The Bering stove uses a 5" Dickinson single wall chimney, and deck fitting. I already bought 24" lengths of the rigid pipe, but later heard from Tony he favors moving the deck penetration forward to vent the chimney ahead and above the dodger, which sounds like a good plan. 

    So I'm thinking I'll get a piece of the flexible chimney to achieve the corrct placement, and wonder if you think that would be better than using the rigid elbows? 

    Fair winds,

    Dave Matt 


  • December 26, 2019 1:11 PM
    Reply # 8397165 on 6935721

    Make that Tony Bentley, not Bennet please.

    Sorry Tony.

    Dave Matt 

  • December 26, 2019 7:18 PM
    Reply # 8399339 on 6935721

    Dave Matt,


    Tony was very helpful for giving advice on installing the pacific stove.  As far as stove pipe placement it took me a while to come to a decision on where to vent it.  To me it seems like three possible options. Move it forward, run it straight, or move it aft.  

    At was no good because of he future placement of a dodger.

    Straight up was tough because again it was in the way of a dodger and it would not allow for my port light on open.

    moving it forward for me was not what I initially wanted to do because of the cabinet that I have over the icebox.  However that was the best option in the end, so I wound up building the cabinet with a cutout for the chimney.  

    The deckplate that Dickinson sells actually seals very nicely.  It comes with a rubber (or neoprene or something else that I don’t recall now) gasket.  That is all I have used to seal the deck plate down and it has not leaked in over a year in the Pacific Northwest.  I did however want it raised up. So I made a riser with two layers of 3/4 inch marine plywood and epoxied it down and then glassed over it.  Prior to glassing it in I located the screw holes and over sized them then filled them with thickened epoxy.  Like Dave King recommended, I use epoxy primecoat on it.  I plan on painting it this spring.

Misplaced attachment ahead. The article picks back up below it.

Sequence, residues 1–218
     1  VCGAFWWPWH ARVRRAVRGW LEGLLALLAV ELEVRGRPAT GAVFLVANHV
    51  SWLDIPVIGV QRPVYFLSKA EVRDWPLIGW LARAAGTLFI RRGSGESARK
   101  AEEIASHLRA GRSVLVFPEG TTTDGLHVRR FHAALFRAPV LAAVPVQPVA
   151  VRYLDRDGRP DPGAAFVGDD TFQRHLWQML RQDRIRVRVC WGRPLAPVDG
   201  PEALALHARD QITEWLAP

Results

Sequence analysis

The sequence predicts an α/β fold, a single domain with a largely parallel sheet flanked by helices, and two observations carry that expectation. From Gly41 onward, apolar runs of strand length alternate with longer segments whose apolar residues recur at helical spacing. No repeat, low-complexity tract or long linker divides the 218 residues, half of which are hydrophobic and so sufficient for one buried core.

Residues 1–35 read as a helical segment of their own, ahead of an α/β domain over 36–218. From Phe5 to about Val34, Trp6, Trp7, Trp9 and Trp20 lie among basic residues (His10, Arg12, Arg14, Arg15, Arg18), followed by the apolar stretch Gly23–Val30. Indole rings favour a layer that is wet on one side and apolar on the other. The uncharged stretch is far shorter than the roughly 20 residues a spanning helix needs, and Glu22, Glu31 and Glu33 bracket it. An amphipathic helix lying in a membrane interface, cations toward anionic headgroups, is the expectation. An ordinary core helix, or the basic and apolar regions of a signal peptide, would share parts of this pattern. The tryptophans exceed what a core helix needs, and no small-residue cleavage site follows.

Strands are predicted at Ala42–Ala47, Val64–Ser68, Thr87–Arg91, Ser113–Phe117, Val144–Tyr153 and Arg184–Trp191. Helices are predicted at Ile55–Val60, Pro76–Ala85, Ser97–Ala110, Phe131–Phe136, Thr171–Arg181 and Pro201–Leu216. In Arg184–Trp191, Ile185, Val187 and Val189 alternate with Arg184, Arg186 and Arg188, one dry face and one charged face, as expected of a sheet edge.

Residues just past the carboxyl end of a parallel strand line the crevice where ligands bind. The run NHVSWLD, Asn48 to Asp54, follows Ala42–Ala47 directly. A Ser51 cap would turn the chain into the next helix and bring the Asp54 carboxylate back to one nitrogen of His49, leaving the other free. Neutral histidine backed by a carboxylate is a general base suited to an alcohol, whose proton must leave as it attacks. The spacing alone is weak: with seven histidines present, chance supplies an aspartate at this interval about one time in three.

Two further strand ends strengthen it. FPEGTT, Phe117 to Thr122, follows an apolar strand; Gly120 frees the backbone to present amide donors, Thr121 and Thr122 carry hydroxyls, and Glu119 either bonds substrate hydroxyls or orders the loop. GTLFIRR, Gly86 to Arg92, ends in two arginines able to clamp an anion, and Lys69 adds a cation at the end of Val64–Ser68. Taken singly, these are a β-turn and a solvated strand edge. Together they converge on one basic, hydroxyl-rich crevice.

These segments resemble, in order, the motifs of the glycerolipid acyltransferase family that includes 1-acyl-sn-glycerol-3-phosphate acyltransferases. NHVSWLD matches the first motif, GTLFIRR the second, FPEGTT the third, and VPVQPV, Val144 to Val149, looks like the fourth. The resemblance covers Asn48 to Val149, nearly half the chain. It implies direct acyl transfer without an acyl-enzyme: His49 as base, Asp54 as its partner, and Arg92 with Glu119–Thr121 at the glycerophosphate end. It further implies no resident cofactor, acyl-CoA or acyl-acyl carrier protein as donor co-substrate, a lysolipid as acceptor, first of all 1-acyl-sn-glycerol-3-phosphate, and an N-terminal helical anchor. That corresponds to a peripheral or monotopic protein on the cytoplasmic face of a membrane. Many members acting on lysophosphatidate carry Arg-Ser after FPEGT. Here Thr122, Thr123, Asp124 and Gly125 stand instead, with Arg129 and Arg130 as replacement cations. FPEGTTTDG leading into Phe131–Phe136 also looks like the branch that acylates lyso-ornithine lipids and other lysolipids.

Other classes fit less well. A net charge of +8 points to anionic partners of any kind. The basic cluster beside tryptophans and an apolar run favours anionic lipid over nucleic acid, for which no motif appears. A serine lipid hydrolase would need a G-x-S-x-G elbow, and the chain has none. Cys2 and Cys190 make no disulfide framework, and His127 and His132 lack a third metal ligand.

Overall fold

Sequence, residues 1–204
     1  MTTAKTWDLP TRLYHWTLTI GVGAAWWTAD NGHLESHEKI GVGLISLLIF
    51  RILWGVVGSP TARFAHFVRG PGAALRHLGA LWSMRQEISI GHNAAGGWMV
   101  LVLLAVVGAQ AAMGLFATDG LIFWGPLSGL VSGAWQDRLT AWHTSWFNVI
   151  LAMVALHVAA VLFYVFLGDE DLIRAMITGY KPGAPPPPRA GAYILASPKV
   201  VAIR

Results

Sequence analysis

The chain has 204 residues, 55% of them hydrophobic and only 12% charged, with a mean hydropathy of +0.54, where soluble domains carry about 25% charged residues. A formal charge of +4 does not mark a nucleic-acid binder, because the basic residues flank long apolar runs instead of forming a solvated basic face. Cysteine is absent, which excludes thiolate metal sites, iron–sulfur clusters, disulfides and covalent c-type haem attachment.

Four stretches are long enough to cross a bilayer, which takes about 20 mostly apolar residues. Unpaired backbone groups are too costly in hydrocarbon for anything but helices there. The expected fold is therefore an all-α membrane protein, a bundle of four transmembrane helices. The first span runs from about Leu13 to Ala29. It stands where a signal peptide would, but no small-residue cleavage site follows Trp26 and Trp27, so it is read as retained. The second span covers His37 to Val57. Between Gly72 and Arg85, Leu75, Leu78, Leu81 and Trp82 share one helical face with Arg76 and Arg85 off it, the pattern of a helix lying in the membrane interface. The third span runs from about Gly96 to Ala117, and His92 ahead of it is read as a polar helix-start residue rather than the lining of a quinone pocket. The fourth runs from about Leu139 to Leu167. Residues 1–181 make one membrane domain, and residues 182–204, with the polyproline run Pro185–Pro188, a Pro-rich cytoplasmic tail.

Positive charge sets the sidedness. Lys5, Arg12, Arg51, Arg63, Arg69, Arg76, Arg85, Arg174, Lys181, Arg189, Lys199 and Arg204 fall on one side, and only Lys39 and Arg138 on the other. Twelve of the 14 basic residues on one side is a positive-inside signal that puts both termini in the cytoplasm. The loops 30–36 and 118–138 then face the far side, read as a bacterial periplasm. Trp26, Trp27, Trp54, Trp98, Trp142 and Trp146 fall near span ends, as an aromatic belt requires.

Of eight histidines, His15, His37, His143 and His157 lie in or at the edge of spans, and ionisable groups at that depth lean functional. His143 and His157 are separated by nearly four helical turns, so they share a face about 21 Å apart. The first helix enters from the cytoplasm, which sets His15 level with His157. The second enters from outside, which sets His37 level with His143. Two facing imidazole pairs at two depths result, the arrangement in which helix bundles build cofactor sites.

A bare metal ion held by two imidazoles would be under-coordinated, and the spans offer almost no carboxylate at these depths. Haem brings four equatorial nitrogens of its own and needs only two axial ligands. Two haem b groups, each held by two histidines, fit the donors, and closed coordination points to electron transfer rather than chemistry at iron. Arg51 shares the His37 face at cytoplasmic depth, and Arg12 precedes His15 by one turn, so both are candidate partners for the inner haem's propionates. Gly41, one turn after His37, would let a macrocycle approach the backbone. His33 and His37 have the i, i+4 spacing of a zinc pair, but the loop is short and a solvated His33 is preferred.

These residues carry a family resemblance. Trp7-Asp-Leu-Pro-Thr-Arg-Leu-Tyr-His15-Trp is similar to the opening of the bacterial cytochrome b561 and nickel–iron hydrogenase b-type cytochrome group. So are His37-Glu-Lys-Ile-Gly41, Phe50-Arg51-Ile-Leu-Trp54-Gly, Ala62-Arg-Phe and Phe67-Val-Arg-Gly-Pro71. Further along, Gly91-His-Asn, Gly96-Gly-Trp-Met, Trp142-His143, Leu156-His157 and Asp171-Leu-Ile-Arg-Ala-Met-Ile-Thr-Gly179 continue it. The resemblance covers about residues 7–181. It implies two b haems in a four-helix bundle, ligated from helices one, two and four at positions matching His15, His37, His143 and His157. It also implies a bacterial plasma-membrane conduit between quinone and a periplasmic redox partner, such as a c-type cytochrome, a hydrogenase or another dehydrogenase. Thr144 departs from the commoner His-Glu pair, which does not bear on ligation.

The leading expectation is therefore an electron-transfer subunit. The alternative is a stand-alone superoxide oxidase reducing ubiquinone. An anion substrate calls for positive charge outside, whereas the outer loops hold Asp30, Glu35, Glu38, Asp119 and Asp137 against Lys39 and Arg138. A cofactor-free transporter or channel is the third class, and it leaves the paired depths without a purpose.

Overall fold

what these photos don’t show is the completed stove pipe with elbow and dampener.  Also, I had stainless steel plates cut for heat shields in that line the cut out section of the cabinet.  I will post that photo next time I make it to the boat.


    actually it’s not letting me upload photos right now so those will come in the next reply


    Bryon 


  • December 26, 2019 7:30 PM
    Reply # 8399402 on 6935721

    Dave,


    im not familiar with flexible pipe for this.  I used the articulating elbow that Dickinson supplies (I used two) You just need to lay it out the best you can before cutting your hole.


    for whatever reason I am not able to upload the photos right now. I will try again tomorrow